Dr Karen Doyle

A Tiny Spark is an award-winning documentary which follows both the story of three people who have had a stroke and the scientists leading research in this area at NUI Galway.

Director Niamh Heery tells us the story behind the film.


The idea for A Tiny Spark came about when we were talking about submitting to Science on Screen, the Galway Film Centre/ CÚRAM scheme that eventually funded it. Our producer Caroline Kealy had attended an information session and had been really interested in the work that Dr Karen Doyle was doing in the area of stroke. Her and her team are collecting the actual blood clots that caused strokes from thousands of patients all over the world and analysing what is inside them. It is quite a tangible, visual thing they are doing, which when it comes to making a film about science is a definite plus. When we visited the lab in NUI Galway we were struck by the arrangements of the clots that were laid out on slides. To me each one almost had character. Some red, some pink, some skinny, some frighteningly large. And when they were magnified by 2000x these tiny little things began to look almost like vast deserts and valleys. 

I started researching stroke survivors’ experiences and found a number of incredibly scary and dramatic descriptions of what happened to people when they had a stroke. It’s such an indescribable thing that the people who had experienced it spoke about it in almost visually abstract ways. Initially,  I wanted my partner, Animator and 3D Artist Eric Dolan to work on explanatory visuals for the film, illustrating how strokes affect various parts of the brain. But after hearing the patients describe a stroke like that we decided to expand the animation and use it to show this surreal thing as the patients described it. So for instance when one participant spoke about ‘being lost in time’, Eric animated that dark, helpless feeling. We see calendar pages flying about just out of reach, a hospital bed where the sun and moon rise and fall repeatedly on a frightened patient. I was keen to incorporate the clot imagery into the animation, so we textured the animation backgrounds with magnified blood clots. The clots are literally a part of the visual story the whole way through. The animations took about seven weeks and a mix of 2D and 3D animation techniques were used. 

I also spoke to our DOP, Kevin Minogue, early on about how to approach the key moment when a stroke happened. In each contributor’s story, these moments are etched forever into their minds in sharp detail so I wanted to try and recreate this. We shot on RED, which allowed us to shoot a good range of slow motion with a decent sized frame. Kevin told me about ‘lens whacking’, the practice of just holding the lens barely in place as you move the camera, letting light crack and flood into the body in intervals. It replicated pain, headaches and disorientation in a really nice way, so after some tests we used this approach when filming the three ‘stroke moment’ reconstructions.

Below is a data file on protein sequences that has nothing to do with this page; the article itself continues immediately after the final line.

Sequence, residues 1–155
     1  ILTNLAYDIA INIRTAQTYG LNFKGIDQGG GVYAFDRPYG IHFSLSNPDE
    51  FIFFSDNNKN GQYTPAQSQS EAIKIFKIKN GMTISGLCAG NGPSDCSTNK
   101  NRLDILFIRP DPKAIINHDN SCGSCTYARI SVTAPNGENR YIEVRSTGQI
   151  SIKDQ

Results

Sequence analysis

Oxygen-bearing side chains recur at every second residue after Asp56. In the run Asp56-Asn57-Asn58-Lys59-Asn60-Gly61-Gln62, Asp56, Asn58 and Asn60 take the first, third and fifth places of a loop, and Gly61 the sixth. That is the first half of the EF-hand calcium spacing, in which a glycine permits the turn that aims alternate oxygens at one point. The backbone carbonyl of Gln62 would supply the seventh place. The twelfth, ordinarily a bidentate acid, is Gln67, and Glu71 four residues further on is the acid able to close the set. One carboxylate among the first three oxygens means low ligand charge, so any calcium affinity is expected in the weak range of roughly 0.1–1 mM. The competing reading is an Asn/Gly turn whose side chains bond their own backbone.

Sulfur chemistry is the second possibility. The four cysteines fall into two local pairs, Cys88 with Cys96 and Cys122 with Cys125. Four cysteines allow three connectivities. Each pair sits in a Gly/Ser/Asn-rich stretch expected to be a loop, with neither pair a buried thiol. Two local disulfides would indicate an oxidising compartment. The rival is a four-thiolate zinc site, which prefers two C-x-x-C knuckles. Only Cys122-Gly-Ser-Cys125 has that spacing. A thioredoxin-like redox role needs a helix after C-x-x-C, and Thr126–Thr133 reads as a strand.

The interviews are the backbone of the documentary. When interviewing the scientists, I took a very sequential approach, making sure that they told me in plain language exactly what the project was, step by step. Once we had that we could talk about how exciting the project was in terms of the results and how they could inform real, life-changing medicine.

Each stroke survivor interview was very different and had to be taken at its own pace. It is such a life-altering, painful thing to happen to a person and their family. I was keen to get to that real emotional place but also to explore how it had made them stronger and changed their perspective on big-life questions. 

When coming to name the film, I remembered how one of our participant’s doctors had described her strokes as ‘sparking off inside the brain.’ This tiny bunch of cells, a blood clot, is ready at any moment to fire and create massive change inside a person. When thinking about the journey our participants are on, it also made sense. They have such strength and perseverance in understanding that recovery is about tiny victories every day towards a better life. And going back to the research – it’s the spark and ingenuity of this small lab in Galway that could one day lead major change for millions of patients around the globe. As Dante said, ‘From a tiny spark, a mighty flame can grow.’


A Tiny Spark screened on RTÉ One on World Stroke Day, Tuesday 29 October 2019 and is on the RTÉ Player for the next month



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